Fast Food for Thought: Drive-thru Restaurant Facts
A meal on-the-go is made even more convenient when you use the drive-thru option. But, have you ever wondered how this mainstay of modern society found its footing? Who is it that you should thank the next time you take your meal, snack, coffee, or dessert to go?
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According to Money writer Brad Tuttle, the first drive-thru restaurant, surprisingly not a McDonald’s, started fueling drivers with food in 1947. Located on Route 66 in Springfield, Missouri, at Red’s Giant Hamburg, its run lasted until 1984. Opening its drive-thru lane just a year after Red’s was the original Los Angeles-area In-N-Out Burger.
“It [In-N-Out Burger] was based on the unique concept of a drive-thru hamburger stand using a (then) state-of-the-art two-way speaker box,” Tuttle writes.
McDonald’s is a popular chain today, but it didn’t adopt the drive-thru access until 1975, according to Tuttle. It wasn’t until after McDonald’s conquered fast-food world domination with 3,000 restaurants that it decided to add a drive-thru to one of its locations — specifically, a Sierra Vista, Arizona establishment.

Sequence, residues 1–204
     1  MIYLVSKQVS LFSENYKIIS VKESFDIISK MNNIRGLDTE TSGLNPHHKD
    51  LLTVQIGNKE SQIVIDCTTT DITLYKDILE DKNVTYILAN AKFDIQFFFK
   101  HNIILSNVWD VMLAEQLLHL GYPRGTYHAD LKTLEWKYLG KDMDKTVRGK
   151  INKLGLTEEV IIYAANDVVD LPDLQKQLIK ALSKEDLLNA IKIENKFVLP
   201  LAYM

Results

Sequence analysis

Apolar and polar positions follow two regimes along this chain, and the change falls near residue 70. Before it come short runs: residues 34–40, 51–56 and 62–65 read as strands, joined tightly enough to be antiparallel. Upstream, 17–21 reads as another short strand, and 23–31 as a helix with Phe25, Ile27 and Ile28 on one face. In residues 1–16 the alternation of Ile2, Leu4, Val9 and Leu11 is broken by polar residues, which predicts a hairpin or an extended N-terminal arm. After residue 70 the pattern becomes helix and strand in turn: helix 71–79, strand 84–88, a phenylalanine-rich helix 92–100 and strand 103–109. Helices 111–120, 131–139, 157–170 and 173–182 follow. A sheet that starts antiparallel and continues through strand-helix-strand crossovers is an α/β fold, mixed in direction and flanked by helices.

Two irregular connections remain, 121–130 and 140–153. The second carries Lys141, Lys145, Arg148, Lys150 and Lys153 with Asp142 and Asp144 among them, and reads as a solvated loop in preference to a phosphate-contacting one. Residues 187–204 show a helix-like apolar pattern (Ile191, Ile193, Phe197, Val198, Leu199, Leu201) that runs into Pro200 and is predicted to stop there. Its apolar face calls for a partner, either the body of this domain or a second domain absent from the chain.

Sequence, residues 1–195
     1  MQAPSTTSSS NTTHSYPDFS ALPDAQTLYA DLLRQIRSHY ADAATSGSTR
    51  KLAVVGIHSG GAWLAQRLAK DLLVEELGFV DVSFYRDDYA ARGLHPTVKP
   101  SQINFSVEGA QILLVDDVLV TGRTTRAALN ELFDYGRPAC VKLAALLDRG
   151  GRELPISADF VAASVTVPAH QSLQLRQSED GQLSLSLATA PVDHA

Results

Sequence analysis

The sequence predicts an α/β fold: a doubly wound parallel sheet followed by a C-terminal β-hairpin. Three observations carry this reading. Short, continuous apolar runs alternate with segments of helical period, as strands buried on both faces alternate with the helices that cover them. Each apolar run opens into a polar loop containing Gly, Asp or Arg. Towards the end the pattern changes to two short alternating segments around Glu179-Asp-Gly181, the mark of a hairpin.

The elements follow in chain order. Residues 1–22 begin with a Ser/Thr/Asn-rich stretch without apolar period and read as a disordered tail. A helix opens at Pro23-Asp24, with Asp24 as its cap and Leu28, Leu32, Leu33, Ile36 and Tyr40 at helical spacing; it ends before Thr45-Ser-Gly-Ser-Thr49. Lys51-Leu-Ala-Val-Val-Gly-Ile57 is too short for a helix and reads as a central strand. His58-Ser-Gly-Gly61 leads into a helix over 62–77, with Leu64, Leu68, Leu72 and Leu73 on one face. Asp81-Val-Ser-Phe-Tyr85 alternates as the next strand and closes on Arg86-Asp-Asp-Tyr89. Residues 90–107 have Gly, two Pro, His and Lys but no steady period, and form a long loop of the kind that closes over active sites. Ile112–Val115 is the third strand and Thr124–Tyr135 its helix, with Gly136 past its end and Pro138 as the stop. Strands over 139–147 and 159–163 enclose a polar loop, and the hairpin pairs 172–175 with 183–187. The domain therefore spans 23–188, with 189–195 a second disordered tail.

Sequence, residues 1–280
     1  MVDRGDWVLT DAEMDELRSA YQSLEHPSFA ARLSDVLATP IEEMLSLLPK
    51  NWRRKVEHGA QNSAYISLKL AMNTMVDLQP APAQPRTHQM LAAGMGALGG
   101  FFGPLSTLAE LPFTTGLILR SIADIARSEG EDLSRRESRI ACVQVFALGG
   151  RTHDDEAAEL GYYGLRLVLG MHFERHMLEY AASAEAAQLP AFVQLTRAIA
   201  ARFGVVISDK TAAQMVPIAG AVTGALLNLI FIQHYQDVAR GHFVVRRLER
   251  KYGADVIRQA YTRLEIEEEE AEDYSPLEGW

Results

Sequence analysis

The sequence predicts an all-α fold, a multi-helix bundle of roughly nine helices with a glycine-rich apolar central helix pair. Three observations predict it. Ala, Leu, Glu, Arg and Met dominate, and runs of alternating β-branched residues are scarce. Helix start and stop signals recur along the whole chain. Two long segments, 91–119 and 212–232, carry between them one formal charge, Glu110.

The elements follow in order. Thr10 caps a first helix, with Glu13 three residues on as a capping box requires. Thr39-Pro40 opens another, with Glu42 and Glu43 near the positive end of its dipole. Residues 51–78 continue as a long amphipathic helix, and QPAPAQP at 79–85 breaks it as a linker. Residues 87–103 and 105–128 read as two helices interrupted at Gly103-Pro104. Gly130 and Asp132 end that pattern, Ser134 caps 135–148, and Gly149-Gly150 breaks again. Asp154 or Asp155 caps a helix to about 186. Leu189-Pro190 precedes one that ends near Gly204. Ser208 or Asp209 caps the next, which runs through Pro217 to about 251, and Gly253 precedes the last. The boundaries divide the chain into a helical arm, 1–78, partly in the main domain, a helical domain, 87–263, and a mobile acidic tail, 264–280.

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In 1951, the fast-food California-based chain Jack in the Box became the first restaurant to build its presence around the convenience of drive-thru fast food, capitalizing on California’s emerging car culture, Tuttle reports.
“The original Jack in the Box was in San Diego and was drive-thru-only, offering motorists hamburgers to go for 18 cents apiece. While most Jack in the Boxes now also have indoor dining areas, roughly 85% of the orders at its 2,250 locations are either drive-thru or to-go,” he writes.
News Source: Money
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